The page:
Why should you let your child walk to school?
There have been numerous studies lauding the benefits of children walking to school. Besides the obvious benefit of physical activity, studies have shown that children who walk to school concentrate better in class and get better grades. In other articles we have talked about how nature can calm us down, help us think, and relieve stress. When children walk in the morning they are getting a great dose of all those benefits right before school. Even if they are not out in the woods, they are still outside, listening to birds sing, noting the moon in the sky, feeling a breeze on their face. They arrived relaxed, awake, and refreshed, ready to learn for the day. In addition children who walk get to practice being independent. The first time my daughter walked home she was glowing with pride. Letting her walk told her more clearly than words ever could, that I thought she was trustworthy and capable.
Balancing safety and growth isn’t always easy
Often as parents we struggle to find the right balance between safety and independence for our children. We also have societal pressures and sometimes pressures from the other parent going against what we believe to be in the best interest of our children. Many parents feel that it is just too dangerous to let kids walk to school. Other parents might be afraid to let their child walk because of fear of being judged.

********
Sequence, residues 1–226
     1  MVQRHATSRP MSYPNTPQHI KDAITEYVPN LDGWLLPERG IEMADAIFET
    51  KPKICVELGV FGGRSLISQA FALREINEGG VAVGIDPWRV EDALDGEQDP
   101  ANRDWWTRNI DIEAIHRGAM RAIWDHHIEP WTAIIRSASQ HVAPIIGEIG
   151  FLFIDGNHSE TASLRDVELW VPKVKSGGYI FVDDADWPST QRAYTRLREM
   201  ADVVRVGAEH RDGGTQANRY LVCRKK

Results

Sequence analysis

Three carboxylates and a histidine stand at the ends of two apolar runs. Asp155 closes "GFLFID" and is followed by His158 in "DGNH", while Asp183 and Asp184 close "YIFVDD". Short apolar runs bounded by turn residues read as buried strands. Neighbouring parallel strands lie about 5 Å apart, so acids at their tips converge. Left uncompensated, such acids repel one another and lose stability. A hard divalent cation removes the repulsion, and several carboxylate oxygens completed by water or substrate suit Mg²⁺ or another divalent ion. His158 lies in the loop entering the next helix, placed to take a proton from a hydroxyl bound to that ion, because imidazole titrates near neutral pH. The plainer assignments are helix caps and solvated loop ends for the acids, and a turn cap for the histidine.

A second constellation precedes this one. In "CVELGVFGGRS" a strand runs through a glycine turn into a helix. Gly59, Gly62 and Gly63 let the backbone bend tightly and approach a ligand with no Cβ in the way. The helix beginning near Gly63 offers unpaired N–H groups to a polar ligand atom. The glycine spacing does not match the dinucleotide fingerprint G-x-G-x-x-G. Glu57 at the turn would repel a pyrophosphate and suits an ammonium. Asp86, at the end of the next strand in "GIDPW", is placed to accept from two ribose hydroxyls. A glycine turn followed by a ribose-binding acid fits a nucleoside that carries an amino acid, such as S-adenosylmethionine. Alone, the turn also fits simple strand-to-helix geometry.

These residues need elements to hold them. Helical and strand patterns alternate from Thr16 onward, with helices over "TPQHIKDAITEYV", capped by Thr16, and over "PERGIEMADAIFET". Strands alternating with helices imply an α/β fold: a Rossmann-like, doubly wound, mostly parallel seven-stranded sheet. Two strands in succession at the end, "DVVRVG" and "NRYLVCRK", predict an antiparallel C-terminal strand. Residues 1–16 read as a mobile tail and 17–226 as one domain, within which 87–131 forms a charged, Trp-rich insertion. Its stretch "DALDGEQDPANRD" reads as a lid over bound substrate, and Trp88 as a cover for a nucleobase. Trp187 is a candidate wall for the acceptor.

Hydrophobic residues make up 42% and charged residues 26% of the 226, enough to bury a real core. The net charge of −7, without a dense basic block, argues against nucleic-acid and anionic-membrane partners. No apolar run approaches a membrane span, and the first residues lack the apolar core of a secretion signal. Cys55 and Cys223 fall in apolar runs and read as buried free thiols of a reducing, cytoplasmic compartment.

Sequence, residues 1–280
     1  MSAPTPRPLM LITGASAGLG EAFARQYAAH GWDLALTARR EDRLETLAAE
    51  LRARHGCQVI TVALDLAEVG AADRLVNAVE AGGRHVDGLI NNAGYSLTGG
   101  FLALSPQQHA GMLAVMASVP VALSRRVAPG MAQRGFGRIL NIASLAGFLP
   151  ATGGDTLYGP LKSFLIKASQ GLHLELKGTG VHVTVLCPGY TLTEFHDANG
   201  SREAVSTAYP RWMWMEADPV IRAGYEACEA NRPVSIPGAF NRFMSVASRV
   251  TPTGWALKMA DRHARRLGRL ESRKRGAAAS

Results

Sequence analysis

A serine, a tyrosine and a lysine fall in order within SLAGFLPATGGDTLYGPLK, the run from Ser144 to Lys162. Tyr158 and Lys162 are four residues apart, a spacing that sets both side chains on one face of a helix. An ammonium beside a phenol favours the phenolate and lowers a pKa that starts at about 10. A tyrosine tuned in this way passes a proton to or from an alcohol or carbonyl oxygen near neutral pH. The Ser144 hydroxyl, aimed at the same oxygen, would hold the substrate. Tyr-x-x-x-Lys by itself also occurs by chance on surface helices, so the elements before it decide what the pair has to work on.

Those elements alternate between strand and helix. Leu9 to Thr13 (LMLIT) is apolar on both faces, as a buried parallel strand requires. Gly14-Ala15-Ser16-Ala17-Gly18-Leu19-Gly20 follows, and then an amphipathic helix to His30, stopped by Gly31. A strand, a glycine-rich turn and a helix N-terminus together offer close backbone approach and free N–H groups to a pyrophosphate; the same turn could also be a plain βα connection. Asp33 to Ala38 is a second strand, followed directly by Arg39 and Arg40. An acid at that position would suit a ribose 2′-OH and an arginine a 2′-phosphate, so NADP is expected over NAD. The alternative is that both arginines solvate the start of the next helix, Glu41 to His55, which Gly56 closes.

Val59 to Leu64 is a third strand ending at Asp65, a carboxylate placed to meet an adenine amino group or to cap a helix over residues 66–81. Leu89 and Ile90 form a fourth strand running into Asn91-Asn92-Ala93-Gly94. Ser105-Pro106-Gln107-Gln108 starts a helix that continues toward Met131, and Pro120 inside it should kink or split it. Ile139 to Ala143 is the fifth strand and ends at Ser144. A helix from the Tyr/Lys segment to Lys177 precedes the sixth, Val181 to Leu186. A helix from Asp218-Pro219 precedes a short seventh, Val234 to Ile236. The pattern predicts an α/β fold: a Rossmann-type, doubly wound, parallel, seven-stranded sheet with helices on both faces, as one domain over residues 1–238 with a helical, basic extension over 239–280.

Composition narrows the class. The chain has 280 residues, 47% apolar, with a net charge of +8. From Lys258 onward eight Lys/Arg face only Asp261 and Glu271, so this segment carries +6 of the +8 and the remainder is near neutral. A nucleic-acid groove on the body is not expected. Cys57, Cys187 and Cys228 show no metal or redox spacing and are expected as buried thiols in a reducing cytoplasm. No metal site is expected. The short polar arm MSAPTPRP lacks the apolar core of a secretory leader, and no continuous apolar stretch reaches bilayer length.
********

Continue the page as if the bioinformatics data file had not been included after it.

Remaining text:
Take a deep breath because it has never been safer to be a kid.
According to government statistics, child mortality rates in the United States from everything, abduction, disease, accidents, etc is down to .01 percent. That is something to celebrate!
What about kidnapping?
If you’re like most parents, you’re probably worried about child abduction, stay calm. According to FBI statistics, reports of missing children are down 40% since 1997. Of the missing child reports, contrary to our fears, stranger abductions are down even further. Most missing child reports are from children running away from home. About half of actual kidnappings are by family members, and a quarter are by family acquaintances. In 1999, the most recent year we have statistics for, only 115 children, nationwide were abducted by a stranger. Crime rates overall have been falling since then so it is a reasonable assumption that even fewer children are being abducted today. To put this in perspective, according to the Insurance Institute for Highway Safety, that same year 1,311 children died in car accidents. So driving your kids in a car was over 11 times more dangerous, yet parents still drove their kids everywhere.
What about cars hitting my child?
This is actually a more legitimate concern than kidnapping as there were 205 deaths in 2014 from children being hit by motor vehicles. Again though, driving your child to school is actually more dangerous as 602 children died in cars in 2014. Also, according to a report from Safe Kids USA , child pedestrian injury rates are down 40% since the 1990’s. There has been a huge push for increased walking safety measures such as crosswalks and crossing guards and it is obviously making a real difference. However, don’t just send your child out there to learn traffic laws by themselves. Walk with them a few times, help them to understand traffic signals, and then let them lead the way a few times. When they can navigate it all safely while leading the way, you will know they are capable of walking alone.